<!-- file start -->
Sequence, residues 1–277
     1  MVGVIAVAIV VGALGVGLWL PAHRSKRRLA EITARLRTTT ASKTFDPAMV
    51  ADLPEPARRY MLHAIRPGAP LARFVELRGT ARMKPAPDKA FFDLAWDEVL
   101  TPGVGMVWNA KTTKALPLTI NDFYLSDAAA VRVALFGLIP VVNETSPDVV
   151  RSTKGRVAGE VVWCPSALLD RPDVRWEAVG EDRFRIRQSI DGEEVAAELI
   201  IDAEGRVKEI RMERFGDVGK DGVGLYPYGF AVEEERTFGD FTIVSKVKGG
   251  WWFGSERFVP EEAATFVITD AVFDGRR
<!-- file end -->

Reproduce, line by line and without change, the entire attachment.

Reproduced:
Sequence, residues 1–277
     1  MVGVIAVAIV VGALGVGLWL PAHRSKRRLA EITARLRTTT ASKTFDPAMV
    51  ADLPEPARRY MLHAIRPGAP LARFVELRGT ARMKPAPDKA FFDLAWDEVL
   101  TPGVGMVWNA KTTKALPLTI NDFYLSDAAA VRVALFGLIP VVNETSPDVV
   151  RSTKGRVAGE VVWCPSALLD RPDVRWEAVG EDRFRIRQSI DGEEVAAELI
   201  IDAEGRVKEI RMERFGDVGK DGVGLYPYGF AVEEERTFGD FTIVSKVKGG
   251  WWFGSERFVP EEAATFVITD AVFDGRR